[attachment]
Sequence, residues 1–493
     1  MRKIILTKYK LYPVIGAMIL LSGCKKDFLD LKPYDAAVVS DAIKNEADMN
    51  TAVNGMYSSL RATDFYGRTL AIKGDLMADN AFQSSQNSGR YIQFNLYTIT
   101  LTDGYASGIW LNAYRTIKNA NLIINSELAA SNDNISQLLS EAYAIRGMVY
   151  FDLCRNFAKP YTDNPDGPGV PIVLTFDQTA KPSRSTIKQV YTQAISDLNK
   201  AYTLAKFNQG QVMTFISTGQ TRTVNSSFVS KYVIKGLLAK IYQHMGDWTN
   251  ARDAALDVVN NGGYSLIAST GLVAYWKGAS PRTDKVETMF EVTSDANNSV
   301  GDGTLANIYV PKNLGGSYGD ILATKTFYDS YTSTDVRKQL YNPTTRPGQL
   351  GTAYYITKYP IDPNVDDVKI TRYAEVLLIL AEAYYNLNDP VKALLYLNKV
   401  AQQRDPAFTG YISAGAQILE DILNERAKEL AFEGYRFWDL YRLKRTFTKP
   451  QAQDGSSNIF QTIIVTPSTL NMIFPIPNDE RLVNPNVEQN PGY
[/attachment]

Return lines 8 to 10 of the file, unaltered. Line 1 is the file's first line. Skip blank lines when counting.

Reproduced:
   301  GDGTLANIYV PKNLGGSYGD ILATKTFYDS YTSTDVRKQL YNPTTRPGQL
   351  GTAYYITKYP IDPNVDDVKI TRYAEVLLIL AEAYYNLNDP VKALLYLNKV
   401  AQQRDPAFTG YISAGAQILE DILNERAKEL AFEGYRFWDL YRLKRTFTKP